The Revolving Door of Heart Failure Hospitalization
Better coordination urged to stem re-admission rate of nearly 1 in 4 people
TUESDAY, Nov. 10, 2009 (HealthDay News) -- Almost a quarter of the people on Medicare who are hospitalized for heart failure are back in the hospital within a month of discharge, a new study reveals.
That should not be happening, said Dr. Joseph S. Ross, an assistant professor of geriatrics and palliative medicine at the Mount Sinai School of Medicine in New York City, who added that there's plenty of blame to go around. Ross was lead author of the study, published online Nov. 10 in Circulation: Heart Failure.
"It's not just an issue for physicians," Ross said. "The whole clinical team, nurses, pharmacists, even patients play a role. If we want to do better, everyone has to get in the game together."
Heart failure, which is the progressive loss of the heart's ability to pump blood, affects an estimated 5.7 million people in the United States, with 670,000 new cases diagnosed every year, and is one of the more common reasons for hospitalization, according to the American Heart Association.
Hospitalization affords the chance to get treatment for heart failure properly organized, Ross said. But he added that the high re-admission rate found by the study -- more than half a million a year from 2004 through 2006 -- shows that this often is not done.
"The challenge is that there are multiple physicians involved -- the physician who manages the person as an outpatient, the cardiologist, the primary care physician," he said. "They have to touch base and make sure the patient has all the proper medications, that if they start to get sick again, if there are any red flags, proper treatment is started."
But too often, trouble means an emergency room visit, "and the emergency room admits them to the hospital without coordinating with the physician," Ross said.
Measures must be taken before someone is discharged from the hospital, he said. "Physicians and the hospital have to work together to make sure the patient has a smooth discharge out of the hospital, knows how to manage the disease, how to get in touch with the pharmacist, how to take the medications, knows how to eat," Ross said.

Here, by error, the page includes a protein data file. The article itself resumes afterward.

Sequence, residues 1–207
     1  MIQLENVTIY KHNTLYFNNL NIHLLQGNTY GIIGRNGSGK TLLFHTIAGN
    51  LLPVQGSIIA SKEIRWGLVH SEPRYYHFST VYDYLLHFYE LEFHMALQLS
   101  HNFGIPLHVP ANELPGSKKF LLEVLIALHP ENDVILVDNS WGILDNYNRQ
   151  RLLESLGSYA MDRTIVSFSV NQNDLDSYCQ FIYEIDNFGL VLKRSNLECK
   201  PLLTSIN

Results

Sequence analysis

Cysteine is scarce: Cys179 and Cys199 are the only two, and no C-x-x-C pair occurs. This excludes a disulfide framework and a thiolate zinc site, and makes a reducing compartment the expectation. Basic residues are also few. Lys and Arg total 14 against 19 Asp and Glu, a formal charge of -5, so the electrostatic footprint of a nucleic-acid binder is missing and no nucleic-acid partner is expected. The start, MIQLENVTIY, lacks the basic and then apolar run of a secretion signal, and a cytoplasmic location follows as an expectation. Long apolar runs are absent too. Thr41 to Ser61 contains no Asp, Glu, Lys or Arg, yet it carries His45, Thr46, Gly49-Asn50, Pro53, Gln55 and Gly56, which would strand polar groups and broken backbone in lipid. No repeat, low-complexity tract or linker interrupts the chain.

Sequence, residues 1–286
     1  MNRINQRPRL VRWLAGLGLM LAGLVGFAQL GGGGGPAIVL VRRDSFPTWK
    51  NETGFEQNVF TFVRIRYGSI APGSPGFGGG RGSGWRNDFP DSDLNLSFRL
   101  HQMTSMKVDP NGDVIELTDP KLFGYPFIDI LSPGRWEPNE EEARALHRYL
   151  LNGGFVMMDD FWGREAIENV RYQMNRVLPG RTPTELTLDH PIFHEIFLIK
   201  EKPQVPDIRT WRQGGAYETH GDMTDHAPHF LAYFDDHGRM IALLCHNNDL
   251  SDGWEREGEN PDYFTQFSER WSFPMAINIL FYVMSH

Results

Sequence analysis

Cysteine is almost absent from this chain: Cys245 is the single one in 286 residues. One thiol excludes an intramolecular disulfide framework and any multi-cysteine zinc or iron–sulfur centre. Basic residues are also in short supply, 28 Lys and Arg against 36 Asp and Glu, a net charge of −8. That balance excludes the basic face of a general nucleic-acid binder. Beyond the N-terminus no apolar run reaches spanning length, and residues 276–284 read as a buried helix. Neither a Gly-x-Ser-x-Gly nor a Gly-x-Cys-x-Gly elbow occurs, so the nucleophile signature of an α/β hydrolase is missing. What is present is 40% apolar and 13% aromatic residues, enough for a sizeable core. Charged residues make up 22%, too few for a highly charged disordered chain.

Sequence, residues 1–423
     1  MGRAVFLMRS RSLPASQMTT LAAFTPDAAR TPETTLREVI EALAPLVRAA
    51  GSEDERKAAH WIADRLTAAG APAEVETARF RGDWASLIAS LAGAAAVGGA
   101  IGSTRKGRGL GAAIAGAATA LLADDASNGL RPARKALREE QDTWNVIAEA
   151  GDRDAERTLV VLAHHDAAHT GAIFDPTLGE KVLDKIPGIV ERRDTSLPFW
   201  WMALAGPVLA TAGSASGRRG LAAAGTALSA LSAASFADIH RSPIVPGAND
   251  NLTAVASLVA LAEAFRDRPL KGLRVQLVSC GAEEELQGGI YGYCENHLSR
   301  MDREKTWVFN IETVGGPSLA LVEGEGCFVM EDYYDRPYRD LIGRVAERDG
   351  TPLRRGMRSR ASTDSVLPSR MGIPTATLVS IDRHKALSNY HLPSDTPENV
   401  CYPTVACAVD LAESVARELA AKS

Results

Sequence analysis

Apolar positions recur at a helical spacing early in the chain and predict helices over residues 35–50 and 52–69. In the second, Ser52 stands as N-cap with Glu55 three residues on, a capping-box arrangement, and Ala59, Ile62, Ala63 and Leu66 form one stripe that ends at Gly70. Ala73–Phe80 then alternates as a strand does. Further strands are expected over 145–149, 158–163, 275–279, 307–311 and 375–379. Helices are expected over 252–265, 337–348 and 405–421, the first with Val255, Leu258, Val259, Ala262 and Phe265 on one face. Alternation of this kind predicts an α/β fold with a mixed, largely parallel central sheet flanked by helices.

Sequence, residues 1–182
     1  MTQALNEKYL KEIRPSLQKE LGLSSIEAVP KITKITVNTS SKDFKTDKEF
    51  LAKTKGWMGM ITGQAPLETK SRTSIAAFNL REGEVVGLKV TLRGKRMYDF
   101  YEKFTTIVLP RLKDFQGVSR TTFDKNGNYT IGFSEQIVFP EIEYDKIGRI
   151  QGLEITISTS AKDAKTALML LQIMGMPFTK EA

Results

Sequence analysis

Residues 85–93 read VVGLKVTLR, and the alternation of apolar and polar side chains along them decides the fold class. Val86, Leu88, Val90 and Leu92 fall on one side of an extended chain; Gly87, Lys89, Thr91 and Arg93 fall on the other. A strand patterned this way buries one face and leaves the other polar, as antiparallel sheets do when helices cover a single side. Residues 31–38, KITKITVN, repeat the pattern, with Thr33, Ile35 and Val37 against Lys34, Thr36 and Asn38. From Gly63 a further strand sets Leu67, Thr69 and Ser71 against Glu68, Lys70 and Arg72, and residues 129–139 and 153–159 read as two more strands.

To remedy the problem, he has two suggestions. "One is that there needs to be incentives to help encourage physicians and hospitals to work together," Ross said. "There is this proposed Medicare move toward bundled payment -- one lump sum for all hospital care and 30 days afterward -- so that hospitals and physicians have to work together."
Second, there are "existing programs that we know work," Ross said. "We can pay physicians to make phone calls just to touch base with the patient and also reimburse them for e-mail. That would allow patients better communication with physicians, but they are not reimbursed in the current situation."
Dr. Gregg A. Fonarow, a professor of cardiovascular medicine at the University of California, Los Angeles, and a spokesman for the American Heart Association, said that efforts are under way to reform the current system.
He cited a Heart Association initiative, dubbed "Target: Heart Failure," that he said was "designed to improve clinical care for patients hospitalized for heart failure" and also an American College of Cardiology program, called "H2H," for hospital-to-hospital, "which helps hospitals work together to lower the 30-day readmission rate."
Also, the health-care reform effort now under consideration in Congress includes provisions for pilot programs to improve "these pretty dismal outcomes and mortality rates," Fonarow said.
But the existing situation "is in a sense shocking -- that despite all the advances for heart failure treatment, patients have not reaped the benefits," Fonarow said. "What is behind this remains one of the biggest challenges for cardiology."
"The most effective therapies, such as beta blockers, are underused, and when they are used, are applied at lower doses than are shown to be effective in clinical trials," he said. "So, many of these patients end up bouncing in and out of hospitals, not receiving important therapies at the right doses and not getting proper monitoring."
The American Heart Association has more about heart failure.